But there’s a problem with Lithwick’s narrative: Virtually everything Stephen Colbert is doing was legal before Citizens United.
Although Colbert has often used the phrase “unlimited corporate money” in reference to his Super PAC, last Tuesday’s disclosures paint a very different picture. Colbert’s PAC, which raised more than $825,000 through the end of the year, has raised almost no corporate money. Indeed, the only two corporate donations he reported to the Federal Election Commission amount to $714, total. In addition to barely raising any corporate money, Colbert’s Super PAC accepted only one contribution from an individual (of $9,600) in excess of the $5,000 limit that applies to regular PACs.
In other words, more than 99% of the money Colbert has raised to mock Citizens United and Super PACs is money that has been legal under the campaign finance laws for decades.
So what are the real lessons to be learned from Colbert’s surprisingly un-Super PAC?
Perhaps the most obvious is that campaign finance laws are rarely a hindrance for people with television shows espousing political messages that are already popular. Those people already have the ability to get their message out to a national audience. Political upstarts or outsiders—the real beneficiaries of the rulings in Citizens United and SpeechNow.org v. FEC—don’t have that option.
But another lesson—or perhaps more of a sad reminder—is that free speech will never want for critics. There will always be those who use their free speech rights to advocate that others’ be restricted. And it is surely their right to do so. But such people aren’t—as Colbert and Lithwick seem to believe—cleverly using the tools of the Machine to attack the Machine. They’re simply advocating censorship for speech they disagree with, and weakening the basis of their own rights in the process.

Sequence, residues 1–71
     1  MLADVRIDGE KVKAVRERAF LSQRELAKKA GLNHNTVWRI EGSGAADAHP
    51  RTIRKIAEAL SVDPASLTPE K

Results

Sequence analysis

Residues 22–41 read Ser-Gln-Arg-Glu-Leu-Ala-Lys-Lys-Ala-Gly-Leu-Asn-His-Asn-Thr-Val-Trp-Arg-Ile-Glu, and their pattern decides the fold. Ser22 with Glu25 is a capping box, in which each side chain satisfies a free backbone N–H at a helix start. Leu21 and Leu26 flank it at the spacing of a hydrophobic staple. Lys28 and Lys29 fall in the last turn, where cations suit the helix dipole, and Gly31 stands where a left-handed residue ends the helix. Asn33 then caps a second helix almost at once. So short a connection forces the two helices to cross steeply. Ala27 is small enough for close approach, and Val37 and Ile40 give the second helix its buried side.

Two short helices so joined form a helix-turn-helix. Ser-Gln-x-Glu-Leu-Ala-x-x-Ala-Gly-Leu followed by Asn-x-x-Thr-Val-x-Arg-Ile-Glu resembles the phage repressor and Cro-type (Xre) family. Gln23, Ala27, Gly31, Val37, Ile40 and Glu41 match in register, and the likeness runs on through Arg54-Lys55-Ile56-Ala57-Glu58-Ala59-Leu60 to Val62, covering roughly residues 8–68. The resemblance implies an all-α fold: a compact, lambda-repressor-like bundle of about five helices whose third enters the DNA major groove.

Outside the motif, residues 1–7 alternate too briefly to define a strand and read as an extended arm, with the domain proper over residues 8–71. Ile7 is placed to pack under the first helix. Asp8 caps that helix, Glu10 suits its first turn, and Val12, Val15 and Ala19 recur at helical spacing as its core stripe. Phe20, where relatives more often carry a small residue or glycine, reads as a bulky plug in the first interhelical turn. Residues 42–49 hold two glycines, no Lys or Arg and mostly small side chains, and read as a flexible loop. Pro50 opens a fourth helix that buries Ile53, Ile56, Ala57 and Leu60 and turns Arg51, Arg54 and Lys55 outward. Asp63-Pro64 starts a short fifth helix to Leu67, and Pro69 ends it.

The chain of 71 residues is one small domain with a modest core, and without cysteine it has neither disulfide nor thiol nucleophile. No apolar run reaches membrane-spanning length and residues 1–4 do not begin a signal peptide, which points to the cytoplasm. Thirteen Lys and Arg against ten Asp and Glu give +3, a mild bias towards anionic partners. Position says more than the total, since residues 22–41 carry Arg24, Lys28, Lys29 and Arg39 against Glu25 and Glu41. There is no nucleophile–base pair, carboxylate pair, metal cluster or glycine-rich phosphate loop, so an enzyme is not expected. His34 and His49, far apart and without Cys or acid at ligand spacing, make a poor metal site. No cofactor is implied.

Image source: MHimmelrich
Last Tuesday, many so-called “Super PACs” for the first time disclosed their donors to the Federal Election Commission. But as proponents of campaign finance laws savor this newly released data—and whinge over how long it took for them to get it—here’s one thing you won’t hear them admit: We would have had this information weeks ago if our campaign finance laws were less strict.
Surprised? Don’t be. It’s just the latest example of the unintended consequences of the reform lobby’s zeal for ever-greater regulation of political speech. To understand how it happened, it helps to know a bit about the history of Super PACs.
Although the media commonly associates Super PACs with the U.S. Supreme Court's decision in Citizens United v. FEC, that decision is only indirectly related to the rise of Super PACs. Citizens United freed corporations and unions to spend on their own. But even after that decision, individuals and groups were still limited in their ability to pool money to spend on political speech.